Time for Common-sense to be be constitutionalised …

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I’m going to have to stop listening to Radio 4’s Today programme in the mornings. My commute is punctuated with rants at the car radio that must startle fellow travellers on the M6 motorway.

But I can’t help but wonder if it really is all down to me. I mean really, isn’t it time we had a Minister for Common-sense in this country?

Surely if someone had active responsibility, a portfolio, for making sure that government decisions were fair and decent and legal and truthful, then we would see an improvement on the shambles we seem to be witnessing from this and previous administrations.

For instance and for starters here are ten topical things that a Minister for Commen-sense would have been all over had there been one:

  1. Is it fair to discriminate against one key section of your armed forces to the extent they’re not allowed to live in the country they are prepared to die for?
    See: Britain opens door to 36000 Gurkha veterans after policy U-turn …
  2. Is it reasonable to seek to slash the compensation paid to armed personnel injured in the course of carrying out their duties?
    See: MoD court bid to slash injury compensation for soldiers
  3. Is it advisable to stand in parliament and bare-faced lie to defend a statement that is patently false? “We will increase public spending funding”, said Gordon Brown … repeatedly. Although he did blunder and confess a zero % increase (sic).
    See: Brown finally admits that there will be cuts in public spending …
  4. Is it right, as a public servant, to claim the most I can possibly claim under the expense rules, even though that is taking money from the public purse. Especially given the scrutiny applied to lesser public servants, oh, say police men who must account for every farthing.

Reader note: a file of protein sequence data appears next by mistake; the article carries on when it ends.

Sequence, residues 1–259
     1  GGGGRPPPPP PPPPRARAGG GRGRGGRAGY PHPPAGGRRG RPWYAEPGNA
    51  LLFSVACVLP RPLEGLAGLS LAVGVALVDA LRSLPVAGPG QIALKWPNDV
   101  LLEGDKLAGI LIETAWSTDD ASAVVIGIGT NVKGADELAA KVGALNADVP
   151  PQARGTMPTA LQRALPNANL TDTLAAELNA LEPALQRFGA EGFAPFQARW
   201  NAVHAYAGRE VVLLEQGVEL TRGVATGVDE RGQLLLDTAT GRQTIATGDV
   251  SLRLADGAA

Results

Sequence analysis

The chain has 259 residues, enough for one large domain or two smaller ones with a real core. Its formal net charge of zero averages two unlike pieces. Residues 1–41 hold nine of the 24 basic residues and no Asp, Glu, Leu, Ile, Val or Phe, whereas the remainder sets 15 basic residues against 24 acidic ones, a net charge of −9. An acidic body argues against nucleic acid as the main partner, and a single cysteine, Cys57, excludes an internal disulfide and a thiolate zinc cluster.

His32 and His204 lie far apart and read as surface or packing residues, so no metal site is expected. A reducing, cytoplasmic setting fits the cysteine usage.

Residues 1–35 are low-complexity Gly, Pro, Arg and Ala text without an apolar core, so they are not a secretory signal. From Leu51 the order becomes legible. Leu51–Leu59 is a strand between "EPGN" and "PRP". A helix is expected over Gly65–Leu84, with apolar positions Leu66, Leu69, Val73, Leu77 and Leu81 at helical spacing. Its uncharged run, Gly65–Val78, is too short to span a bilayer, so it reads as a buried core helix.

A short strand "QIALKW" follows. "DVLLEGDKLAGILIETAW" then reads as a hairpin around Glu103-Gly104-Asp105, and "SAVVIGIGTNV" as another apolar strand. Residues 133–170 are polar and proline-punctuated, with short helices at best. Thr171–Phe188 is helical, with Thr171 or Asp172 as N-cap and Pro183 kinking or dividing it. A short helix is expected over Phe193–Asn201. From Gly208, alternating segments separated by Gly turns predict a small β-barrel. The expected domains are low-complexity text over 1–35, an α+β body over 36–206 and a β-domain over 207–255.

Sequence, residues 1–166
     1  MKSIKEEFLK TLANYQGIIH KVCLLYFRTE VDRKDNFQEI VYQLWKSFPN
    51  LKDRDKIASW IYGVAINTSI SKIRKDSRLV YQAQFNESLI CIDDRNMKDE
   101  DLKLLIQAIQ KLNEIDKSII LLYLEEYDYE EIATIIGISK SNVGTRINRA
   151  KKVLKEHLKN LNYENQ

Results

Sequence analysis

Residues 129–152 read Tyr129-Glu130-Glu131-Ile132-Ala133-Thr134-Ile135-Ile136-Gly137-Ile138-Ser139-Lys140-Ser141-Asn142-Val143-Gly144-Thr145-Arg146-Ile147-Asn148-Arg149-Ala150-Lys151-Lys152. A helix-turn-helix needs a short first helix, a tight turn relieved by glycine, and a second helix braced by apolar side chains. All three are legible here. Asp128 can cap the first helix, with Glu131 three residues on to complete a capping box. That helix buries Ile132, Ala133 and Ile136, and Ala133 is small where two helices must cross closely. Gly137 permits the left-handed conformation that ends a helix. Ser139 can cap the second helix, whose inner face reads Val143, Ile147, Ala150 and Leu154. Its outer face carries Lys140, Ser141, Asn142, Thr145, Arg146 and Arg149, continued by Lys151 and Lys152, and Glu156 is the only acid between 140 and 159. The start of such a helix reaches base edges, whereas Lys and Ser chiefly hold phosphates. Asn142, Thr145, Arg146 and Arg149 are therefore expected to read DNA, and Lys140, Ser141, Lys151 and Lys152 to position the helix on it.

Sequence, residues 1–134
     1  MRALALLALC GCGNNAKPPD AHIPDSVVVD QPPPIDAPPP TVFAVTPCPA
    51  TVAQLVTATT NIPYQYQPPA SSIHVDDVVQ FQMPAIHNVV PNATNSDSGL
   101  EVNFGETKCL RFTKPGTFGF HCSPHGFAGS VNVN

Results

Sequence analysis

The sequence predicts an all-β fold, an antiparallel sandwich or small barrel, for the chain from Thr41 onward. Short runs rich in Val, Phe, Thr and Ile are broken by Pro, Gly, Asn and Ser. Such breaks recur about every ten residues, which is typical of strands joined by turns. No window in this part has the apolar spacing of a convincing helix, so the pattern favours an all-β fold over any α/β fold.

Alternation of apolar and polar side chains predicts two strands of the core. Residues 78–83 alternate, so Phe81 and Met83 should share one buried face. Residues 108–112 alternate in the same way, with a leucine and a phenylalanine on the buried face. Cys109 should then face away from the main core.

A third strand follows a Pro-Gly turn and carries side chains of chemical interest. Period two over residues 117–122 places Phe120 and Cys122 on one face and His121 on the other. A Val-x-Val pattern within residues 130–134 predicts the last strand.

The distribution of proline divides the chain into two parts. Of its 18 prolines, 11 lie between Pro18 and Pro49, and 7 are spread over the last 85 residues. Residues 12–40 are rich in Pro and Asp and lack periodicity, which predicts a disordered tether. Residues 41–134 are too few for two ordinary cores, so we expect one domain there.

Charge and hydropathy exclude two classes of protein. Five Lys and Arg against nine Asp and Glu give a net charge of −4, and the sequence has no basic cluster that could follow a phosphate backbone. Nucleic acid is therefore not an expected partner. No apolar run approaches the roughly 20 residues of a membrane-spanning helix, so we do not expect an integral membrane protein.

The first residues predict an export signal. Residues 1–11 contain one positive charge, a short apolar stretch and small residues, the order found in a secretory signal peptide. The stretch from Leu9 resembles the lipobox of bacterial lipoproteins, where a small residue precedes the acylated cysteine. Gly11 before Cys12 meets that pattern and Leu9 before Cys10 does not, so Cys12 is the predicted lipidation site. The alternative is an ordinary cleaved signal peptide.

See: BBC NEWS | MP expenses row explained
  5. Am I justified in defending my actions as being ‘within the rules’ when those very rules are a) patently tripe and b) defined by myself and my colleagues and c) policed by us too.
    See: MP meets expenses row with defiance
    See: See:Tory MP Bill Cash billed taxpayer £15K rent for …
  6. How useful is it to hold a public enquiry in secrecy? Really. Mr Brown.
    See: FT.com / UK – Brown U-turn on Iraq inquiry secrecy
  7. Is there any point in denying the truth just to save face? If there’s not enough helicopters it’s not your fault. Oh wait, it was you that cut the budget wasn’t it. Even so, Mr Brown don’t be such a bully, have you not heard of … democracy and free speech? Or is the party whip more important.
    See: Brown forces minister to retract parting shot on need for more …
  8. Introducing voluntary ID cards is a really good idea, wait, no it’s not.
    See: Government U-turn on £5bn ID cards | Networking – InfoWorld
  9. Throwing billions of pound of public money at the Olympics will NOT benefit the rest of the UK, just London. So don’t tell us otherwise. It’s just not true is it?
    See: London and the great Olympic myth</</li>
  10. Pouring money into the deep black hole of a recession to keep failed financial institutions afloat is just plain barmy. it’s gambling with the future of generations to come. What happened to the fiscally prudent man you used to be?
    See: Gordon Brown is not building Britain’s future, he’s spending it …

Once he’d worked his way through that lot – and even Peter Mandelson would struggle to do it in a weekend – our Minister for Common-sense may well wonder: Gordon Brown? How can we ever trust that man?